Last night I had the privilege of attending the ballet and what an evening it was! Sure, the story was slightly delayed for the season but out of the ashes the most famous ballet in the world arose in all its glory, tradition, and pageantry in a borrowed theatre here in Northern California. And the story of how this production came to be is perhaps better than the beloved Nutcracker itself… because in this story my faith in humanity was restored.
Now I am not a huge fan of ballet. I don’t often attend performances. Since I am a writer, I am a lover of words, and without those sometimes my attention strays making ballet somewhat problematic. Needless to say, attending what I thought was going to be an “amateur” performance; I suspected the night might be filled with pokes and prods to keep me awake. Was I ever wrong.
Last night I discovered the Northern California Ballet. Since 1983 it has been producing full-length classic ballets such as Sleeping Beauty, Cinderella and A Midsummer’s Nights Dream. Besides production, the studio has also taught hundreds of children dance skills that have led some to professional dance careers. It is a mighty place full of hope, dreams, and plain old hard work. There are no slackers, slouches or amateurs here!
As the holiday season was fast approaching Northern California Ballet was rehearsing their version of The Nutcracker when disaster hit. On November 9, 2018 the Camp Fire swooped through the town of Paradise killing 85 and wiping out the majority of this close-knit community. It goes on record as the deadliest fire in California history. But that is just the beginning of the horror. In addition to all the lives lost, almost 14,000 homes went up in smoke and so did the studio and storage shed belonging to the Northern California Ballet. With such a fast-moving fire no one had time to save anything. NOTHING. The kids no longer had clothes, school supplies, or a warm bed. They no longer had the comfort nor the routine of dance. Gone were their ballet costumes and their dreams of dancing on stage…or so they thought. Yet, when hardship and devastating circumstances arise somehow folks find the strength to fight back and find a way to turn tragedy into triumph which is exactly what Northern California Ballet did. And last night it showed. The dancers were talented, elegant and polished. They danced with real joy radiating from their faces. The world was their oyster and they were the pearls.
How did they accomplish so much in so little time? Just plain dedication and hard work. But an even more important ingredient was the global ballet community in general. As it turns out companies from all over the world donated costumes, backdrops and props. The Eugene Ballet Company, dancer Angela V Carter’s costumes from Ballet New England’s productions, and both large and small studios from Iowa to Florida found ways to give to their sister in need while volunteers sewed and stitched late into the night. And so, a vital community resource went from a studio of smoke and ashes to an on-stage performance in just a little over two months. Now that is what I call dedication. I also call it a miracle.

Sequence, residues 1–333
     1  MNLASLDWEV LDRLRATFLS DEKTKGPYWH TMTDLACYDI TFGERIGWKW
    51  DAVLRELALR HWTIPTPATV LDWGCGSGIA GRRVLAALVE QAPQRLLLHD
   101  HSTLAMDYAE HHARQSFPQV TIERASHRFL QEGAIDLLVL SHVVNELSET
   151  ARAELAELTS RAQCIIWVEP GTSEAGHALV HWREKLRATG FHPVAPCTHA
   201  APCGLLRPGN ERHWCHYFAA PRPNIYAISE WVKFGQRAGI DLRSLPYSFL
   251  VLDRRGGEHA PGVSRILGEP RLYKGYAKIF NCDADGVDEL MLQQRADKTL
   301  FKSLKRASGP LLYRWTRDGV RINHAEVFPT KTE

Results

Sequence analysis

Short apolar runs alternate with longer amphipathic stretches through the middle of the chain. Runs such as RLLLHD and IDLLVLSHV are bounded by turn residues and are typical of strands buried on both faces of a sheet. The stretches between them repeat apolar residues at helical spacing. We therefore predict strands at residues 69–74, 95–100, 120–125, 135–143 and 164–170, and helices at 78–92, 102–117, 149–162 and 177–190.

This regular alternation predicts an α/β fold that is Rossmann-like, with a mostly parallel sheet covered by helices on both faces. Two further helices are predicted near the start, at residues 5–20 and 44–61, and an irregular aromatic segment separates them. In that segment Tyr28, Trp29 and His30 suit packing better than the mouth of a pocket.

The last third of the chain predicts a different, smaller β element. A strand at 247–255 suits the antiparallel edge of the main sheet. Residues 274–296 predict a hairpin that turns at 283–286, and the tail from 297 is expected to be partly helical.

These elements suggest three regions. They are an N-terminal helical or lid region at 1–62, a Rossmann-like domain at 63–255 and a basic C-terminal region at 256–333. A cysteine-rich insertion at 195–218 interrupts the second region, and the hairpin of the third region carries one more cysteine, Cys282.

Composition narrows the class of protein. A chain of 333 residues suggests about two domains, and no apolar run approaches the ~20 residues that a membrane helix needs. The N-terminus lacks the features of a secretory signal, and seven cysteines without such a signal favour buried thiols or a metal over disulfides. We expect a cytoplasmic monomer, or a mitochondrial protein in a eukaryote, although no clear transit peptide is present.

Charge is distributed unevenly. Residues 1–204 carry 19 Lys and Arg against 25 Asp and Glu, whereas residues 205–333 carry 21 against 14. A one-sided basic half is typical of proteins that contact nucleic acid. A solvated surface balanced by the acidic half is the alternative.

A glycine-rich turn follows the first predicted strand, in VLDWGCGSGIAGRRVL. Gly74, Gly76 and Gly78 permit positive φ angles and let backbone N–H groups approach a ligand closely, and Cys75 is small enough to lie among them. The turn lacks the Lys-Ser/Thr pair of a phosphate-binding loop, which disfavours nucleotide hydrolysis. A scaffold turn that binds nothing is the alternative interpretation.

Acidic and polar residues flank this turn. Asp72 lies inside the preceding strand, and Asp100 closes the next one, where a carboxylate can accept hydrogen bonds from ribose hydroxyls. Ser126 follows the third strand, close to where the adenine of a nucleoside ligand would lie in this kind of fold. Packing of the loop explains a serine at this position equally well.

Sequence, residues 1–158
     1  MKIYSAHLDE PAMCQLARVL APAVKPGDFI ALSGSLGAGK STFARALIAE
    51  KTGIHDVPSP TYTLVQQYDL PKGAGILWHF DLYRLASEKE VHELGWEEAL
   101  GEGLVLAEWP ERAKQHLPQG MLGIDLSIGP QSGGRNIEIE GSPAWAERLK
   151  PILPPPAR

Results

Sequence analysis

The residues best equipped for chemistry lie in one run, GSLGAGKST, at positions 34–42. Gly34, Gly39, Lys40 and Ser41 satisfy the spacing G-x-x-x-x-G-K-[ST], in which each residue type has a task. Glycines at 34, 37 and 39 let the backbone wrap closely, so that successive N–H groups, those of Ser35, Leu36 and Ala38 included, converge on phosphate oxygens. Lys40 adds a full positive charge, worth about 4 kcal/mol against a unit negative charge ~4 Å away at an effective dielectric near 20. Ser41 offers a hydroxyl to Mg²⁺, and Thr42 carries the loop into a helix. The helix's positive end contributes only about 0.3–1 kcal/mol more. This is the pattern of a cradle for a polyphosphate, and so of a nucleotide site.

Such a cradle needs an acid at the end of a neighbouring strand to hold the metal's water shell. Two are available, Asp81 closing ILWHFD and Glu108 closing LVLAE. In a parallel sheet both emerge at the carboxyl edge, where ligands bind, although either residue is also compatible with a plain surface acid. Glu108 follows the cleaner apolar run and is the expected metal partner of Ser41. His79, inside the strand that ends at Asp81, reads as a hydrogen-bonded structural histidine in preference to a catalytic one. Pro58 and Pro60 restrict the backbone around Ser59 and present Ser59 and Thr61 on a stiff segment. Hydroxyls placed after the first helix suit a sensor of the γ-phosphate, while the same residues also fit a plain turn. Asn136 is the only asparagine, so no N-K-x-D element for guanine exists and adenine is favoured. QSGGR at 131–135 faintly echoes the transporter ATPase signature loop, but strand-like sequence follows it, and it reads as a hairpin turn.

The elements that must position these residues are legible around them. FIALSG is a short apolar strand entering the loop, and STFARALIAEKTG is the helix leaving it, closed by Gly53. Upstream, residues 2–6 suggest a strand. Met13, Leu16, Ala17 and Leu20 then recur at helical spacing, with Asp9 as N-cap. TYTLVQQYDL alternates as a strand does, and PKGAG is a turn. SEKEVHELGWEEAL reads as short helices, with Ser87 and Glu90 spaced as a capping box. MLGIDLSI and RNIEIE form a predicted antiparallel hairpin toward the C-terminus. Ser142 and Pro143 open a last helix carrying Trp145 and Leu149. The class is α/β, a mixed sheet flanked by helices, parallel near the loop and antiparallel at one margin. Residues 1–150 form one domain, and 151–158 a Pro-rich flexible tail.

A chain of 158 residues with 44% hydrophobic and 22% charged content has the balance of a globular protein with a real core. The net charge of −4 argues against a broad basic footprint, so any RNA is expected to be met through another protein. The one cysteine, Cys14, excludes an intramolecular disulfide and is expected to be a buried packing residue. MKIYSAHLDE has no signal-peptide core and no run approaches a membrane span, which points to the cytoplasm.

In addition to the dance itself music was provided by a live orchestra hiding out in the orchestra pit. These musicians were also from Paradise and many had lost their homes in the fire and their precious instruments as well. Yet, somehow they managed to come together (borrowed instruments and all) and play magnificently. Watching a ballet performed to live music instead of tape is an honor these days and I felt blessed to do so.
By coincidence I went to Paradise last week. It was my first trip up there since the fire. The devastation is immense. Unless you have survived living in a war zone you have probably never seen anything like it. It is shocking. It is horrific. It is incredibly sad.
Yet, after tonight’s performance by Northern California Ballet, I have hope for this world. People are amazing. Their resilience astounds me. Their fight to rise again gives me hope. Kids who dedicate themselves to their craft no matter what are inspiring. And the generosity of an arts community to their sister in need are exactly the kinds of acts of compassion and love that the world needs to see.
So fear not and have hope. There are heroes walking amongst us and tonight they were all on stage at The Nutcracker for the world to see. I wish you could see them too.
Please visit the Northern California Ballet site to learn more. http://www.northerncaliforniaballet.com/?page_id=33
Also, they could use your financial help. Here is their GO FUND ME page. I hope you will give generously.